After his months-long smear campaign during the presidential race, the last thing we thought we'd see was Newsmax's Ronald Kessler coming to Barack Obama's defense -- and even praising the guy. But Kessler has done just that, albeit in something of a backhanded way.
In a Dec. 8 column, Kessler shoots down the conspiratorial assertion from the likes of WorldNetDaily that Obama is not a native-born American:
For months, I have been bombarded by e-mails claiming Barack Obama was born in Kenya and therefore does not meet the constitutional requirements to be president. I have also received hundreds of e-mails from readers asking why I do not expose the truth about his birth.
The truth is that Obama was born in Hawaii.
Kessler adds regarding lawsuits on the issue from folks like Philip Berg:
If there were any basis for Berg’s claims, one would think that the John McCain campaign and the Republican National Committee would have supported the lawsuit or at least blasted out e-mails touting the case. In fact, a McCain campaign aide told me that McCain campaign lawyers had looked into the allegations about Obama’s birth and found them to be bogus.
You would also think that Berg would be happy to be interviewed about the case by a journalist like me. But although he agreed to an interview at the conservative dinner, he has since failed to respond to my voicemails and e-mails asking for him to call.
Instead, Berg has stayed within the comfy confines of WND and right-wing readio for his interviews, where he knows he won't face any tough -- or even mildly skeptical -- questions.
Of course, that's just common sense. The real shocker is Kessler's Dec. 11 column, in which he states that "Barack Obama is getting high marks from the intelligence community for the way he responds to daily intelligence briefings." He adds:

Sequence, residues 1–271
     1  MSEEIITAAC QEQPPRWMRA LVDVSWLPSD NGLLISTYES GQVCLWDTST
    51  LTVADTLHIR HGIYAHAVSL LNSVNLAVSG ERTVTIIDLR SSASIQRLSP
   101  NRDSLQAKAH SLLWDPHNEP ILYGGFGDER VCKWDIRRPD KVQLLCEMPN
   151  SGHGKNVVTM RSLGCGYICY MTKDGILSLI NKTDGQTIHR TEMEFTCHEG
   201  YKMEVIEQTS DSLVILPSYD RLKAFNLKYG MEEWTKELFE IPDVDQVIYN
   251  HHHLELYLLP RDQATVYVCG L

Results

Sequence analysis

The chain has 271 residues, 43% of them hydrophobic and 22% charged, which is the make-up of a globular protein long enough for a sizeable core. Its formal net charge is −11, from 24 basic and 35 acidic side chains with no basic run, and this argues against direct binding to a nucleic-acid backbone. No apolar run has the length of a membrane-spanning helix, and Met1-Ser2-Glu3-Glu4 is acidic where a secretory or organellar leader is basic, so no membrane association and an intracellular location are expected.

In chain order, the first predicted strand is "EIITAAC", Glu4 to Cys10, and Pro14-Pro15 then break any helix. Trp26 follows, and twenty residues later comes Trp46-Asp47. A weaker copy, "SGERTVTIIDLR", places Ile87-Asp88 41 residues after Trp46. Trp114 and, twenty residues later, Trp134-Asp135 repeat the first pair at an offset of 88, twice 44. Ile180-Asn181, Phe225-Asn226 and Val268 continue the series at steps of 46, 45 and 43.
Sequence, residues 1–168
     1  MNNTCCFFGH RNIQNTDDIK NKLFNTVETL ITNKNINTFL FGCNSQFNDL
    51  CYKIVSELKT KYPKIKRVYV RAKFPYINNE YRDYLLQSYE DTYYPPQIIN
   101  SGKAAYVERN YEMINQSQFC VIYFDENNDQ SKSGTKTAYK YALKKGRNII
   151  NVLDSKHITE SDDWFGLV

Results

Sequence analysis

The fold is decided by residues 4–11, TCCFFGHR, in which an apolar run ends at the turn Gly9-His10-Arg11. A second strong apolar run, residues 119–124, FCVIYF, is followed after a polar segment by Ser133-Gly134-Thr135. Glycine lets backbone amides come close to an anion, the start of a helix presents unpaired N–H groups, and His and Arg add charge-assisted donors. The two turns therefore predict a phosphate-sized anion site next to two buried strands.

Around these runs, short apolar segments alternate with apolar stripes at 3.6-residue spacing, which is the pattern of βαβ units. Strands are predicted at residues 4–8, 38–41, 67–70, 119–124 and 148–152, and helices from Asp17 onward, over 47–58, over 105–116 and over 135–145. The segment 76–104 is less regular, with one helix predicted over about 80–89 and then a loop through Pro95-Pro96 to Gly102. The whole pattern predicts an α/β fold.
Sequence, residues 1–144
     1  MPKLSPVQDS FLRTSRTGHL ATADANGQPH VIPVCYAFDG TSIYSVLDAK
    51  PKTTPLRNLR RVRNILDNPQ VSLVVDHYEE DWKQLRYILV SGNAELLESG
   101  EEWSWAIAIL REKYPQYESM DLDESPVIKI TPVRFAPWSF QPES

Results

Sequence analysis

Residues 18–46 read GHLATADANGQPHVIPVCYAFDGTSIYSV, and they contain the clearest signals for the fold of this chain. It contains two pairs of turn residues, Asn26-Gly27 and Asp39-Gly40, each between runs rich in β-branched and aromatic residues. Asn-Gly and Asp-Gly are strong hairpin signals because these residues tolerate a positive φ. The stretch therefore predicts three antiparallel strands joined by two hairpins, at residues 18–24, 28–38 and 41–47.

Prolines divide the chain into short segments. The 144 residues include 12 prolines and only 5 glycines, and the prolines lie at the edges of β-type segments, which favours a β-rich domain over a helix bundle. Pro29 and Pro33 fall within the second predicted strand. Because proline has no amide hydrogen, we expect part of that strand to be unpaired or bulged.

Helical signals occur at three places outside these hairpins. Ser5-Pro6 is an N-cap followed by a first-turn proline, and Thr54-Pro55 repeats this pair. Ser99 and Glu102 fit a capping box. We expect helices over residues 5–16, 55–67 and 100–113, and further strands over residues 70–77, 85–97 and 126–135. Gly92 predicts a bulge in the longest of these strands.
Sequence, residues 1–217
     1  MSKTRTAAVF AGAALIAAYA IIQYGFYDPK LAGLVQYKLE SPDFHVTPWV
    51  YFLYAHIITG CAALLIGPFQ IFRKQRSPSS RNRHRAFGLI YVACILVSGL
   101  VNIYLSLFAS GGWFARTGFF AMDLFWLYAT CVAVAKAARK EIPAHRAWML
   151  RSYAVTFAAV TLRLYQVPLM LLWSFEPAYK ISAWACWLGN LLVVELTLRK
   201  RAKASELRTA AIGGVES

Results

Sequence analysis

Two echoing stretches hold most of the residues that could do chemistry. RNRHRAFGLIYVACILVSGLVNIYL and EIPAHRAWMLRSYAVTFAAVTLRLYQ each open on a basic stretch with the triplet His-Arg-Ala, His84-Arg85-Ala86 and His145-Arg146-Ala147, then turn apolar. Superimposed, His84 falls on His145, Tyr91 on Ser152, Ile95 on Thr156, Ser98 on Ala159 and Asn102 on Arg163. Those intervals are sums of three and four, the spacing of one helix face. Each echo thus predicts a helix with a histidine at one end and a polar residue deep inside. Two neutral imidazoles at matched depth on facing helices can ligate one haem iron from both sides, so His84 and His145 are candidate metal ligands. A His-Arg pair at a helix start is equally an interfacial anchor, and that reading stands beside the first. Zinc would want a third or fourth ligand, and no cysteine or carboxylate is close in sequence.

"Obama is a quick study," says one intelligence official. "He absorbs a lot of information, digests it, and asks strategic questions."
"He has a way of being reflective about what we give him," says another intelligence official.
This appears to contradict Kessler's own pre-election assertions, in which he promoted claims (albeit by someone whom Kessler fails to identify as a McCain campaign official) that Obama's election "will endanger the country by making us more vulnerable to terrorist attacks."
On the other hand, Kessler manages to work in his love of waterboarding once more:
At the same time, intelligence officials are troubled by the fact that Obama decided against appointing John Brennan, a deputy to former Director of Central Intelligence George Tenet, to be director of the CIA because Brennan served at the agency when it supposedly used torture as an interrogation technique.
The news that Brennan was Obama’s leading candidate provoked an outcry from left-leaning Obama supporters. In fact, the CIA does not believe outright torture produces reliable results and has never used it. Frightening prisoners with waterboarding is another matter. The technique was used on three terrorists, including Abu Zubaydah, Osama bin Laden’s field commander or chief of operations, and Khalid Sheikh Mohammed, the mastermind of the 9/11 plot.
In both cases, these and other coercive techniques — like subjecting prisoners to frigid temperatures or forcing them to stand for hours — have worked and have led to a takedown of other key al-Qaida operatives when they were planning more attacks that could have killed tens of thousands of Americans.
In fact, as we noted the last time Kessler made this claim, the waterboarding of Zubaydah reportedly produced a stream of statements of such dubious quality, according to journalist Ron Suskind, that intelligence officials now believe any evidence gleaned from Zubaydah to be worthless. Further, waterboarding produced "debatable results" from Mohammed.
Still, Kessler laments: "Since terrorists are now aware that they will not be drowned, the technique has become useless."